For instance, though the initial agreement limited the firm to civil works on the line, the Government has ceded more ground and allowed CRBC to source for rolling stock — the locomotives, passenger coaches and freight wagons — adding an extra Sh95 billion in costs.
According to a schedule of payments seen by Business Beat, 30 per cent of the contract price was due to CRBC a month from the date the contract was effected.
This happened before November last year when President Uhuru Kenyatta led three heads of state from the East African region to officially launch the project in Mombasa.
Muli did not confirm or deny if the money had been paid out, but he said the Government would adhere to the terms of the contract.
It also appears that the financiers of the project have reduced the grace period by half, from 10 years to five. This means that Kenyans will start repaying the loan much earlier than anticipated.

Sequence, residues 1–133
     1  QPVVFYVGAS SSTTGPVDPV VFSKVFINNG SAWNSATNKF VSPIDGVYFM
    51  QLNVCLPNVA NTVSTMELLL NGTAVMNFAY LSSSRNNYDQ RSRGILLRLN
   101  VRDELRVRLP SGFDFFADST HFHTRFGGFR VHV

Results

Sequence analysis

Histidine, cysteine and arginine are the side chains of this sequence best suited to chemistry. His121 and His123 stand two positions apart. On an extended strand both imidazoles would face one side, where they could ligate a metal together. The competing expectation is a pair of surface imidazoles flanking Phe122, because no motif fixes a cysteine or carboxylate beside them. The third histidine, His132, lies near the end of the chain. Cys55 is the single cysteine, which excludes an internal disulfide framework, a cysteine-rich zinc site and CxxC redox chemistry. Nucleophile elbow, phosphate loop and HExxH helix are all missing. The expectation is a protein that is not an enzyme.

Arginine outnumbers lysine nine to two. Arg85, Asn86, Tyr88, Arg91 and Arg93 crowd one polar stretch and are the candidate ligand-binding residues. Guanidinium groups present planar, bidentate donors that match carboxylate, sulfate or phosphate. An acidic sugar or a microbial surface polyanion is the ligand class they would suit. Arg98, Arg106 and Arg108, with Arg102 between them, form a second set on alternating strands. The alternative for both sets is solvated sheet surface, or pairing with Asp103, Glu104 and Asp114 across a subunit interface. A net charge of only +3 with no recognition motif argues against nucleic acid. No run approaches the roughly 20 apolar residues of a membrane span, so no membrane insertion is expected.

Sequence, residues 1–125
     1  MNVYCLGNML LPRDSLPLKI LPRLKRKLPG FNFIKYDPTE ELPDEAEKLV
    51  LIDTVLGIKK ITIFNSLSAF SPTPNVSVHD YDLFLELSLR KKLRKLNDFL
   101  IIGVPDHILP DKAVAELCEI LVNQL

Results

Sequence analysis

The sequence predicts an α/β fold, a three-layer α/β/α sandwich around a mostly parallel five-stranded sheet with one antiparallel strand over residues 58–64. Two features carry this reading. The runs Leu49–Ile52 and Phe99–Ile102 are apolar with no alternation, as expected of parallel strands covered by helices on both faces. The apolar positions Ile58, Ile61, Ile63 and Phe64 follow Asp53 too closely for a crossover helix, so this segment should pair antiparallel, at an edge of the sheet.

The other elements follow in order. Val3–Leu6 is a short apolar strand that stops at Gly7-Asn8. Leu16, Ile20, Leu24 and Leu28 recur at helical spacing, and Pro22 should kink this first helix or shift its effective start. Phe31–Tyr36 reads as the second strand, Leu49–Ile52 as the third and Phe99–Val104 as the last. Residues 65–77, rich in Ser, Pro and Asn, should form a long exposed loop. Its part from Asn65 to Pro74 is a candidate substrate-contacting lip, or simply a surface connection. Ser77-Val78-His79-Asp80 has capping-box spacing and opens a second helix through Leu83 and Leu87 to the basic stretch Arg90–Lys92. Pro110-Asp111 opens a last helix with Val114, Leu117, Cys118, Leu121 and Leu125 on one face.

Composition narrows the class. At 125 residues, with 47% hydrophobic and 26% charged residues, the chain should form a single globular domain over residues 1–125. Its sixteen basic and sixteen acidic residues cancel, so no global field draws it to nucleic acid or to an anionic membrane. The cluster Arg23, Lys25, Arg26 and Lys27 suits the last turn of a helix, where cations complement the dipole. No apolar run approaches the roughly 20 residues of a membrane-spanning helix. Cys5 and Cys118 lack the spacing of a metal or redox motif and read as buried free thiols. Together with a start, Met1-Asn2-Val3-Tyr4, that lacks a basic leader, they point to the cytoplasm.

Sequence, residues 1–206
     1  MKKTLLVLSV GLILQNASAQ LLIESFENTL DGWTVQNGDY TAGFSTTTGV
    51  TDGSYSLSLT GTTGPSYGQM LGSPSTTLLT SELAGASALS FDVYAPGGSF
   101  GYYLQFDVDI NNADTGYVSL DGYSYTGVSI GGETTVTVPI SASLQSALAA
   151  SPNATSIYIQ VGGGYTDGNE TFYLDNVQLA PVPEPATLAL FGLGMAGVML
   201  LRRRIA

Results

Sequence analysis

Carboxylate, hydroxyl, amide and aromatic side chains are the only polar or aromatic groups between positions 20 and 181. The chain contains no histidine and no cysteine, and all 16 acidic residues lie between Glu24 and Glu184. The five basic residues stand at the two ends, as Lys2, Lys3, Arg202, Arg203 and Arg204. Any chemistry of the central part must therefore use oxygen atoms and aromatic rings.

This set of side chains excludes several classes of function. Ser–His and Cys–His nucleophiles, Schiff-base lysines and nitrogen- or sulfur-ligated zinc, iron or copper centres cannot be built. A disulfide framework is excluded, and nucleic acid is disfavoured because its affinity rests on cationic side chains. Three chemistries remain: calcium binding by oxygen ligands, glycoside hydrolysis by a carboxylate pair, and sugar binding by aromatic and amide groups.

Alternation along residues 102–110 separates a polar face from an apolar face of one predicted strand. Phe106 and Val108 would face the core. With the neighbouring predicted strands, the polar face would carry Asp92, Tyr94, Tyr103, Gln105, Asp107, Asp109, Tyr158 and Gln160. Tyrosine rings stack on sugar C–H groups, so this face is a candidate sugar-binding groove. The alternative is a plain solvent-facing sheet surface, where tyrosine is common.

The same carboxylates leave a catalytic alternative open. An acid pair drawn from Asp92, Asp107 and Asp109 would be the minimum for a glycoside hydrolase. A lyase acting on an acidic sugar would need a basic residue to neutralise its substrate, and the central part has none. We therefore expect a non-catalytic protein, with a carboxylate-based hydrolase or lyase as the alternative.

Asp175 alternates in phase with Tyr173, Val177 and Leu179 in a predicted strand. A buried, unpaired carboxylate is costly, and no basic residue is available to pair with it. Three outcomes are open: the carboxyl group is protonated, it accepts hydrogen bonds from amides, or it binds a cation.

“Exim Bank [of China] will finance 85 per cent of the project, and we will raise the rest,” Muli said.
The loan will attract a 2 per cent interest above the London Interbank Offered Rate, commonly known as the Libor.
Libor is the average interest rate leading banks in London estimate they would be charged if borrowing from other banks.
The Libor rate is projected to be at above 2 per cent in 2017, when the loan is due. This means that Kenya will pay at least 4 per cent in interest per year.
This translates to at least Sh1.3 billion per month if the loan is repaid in 30 years.
The start of repayments is planned to coincide with the completion of the first phase of the project.
As per the contractual terms, Exim Bank and the Government must have already released about Sh98.1 billion, at current exchange rates.
Another 10 per cent of the project cost will be due for payment within one month after Kenya Railways issues a letter of commencement. This is expected to happen before April.
The Government also gave Exim Bank a guarantee that the railway line would have at least 35 per cent of the cargo business from the Mombasa Port.
This is likely to drive Rift Valley Railways (RVR), which won a 25-year concession to operate the railway, out of business.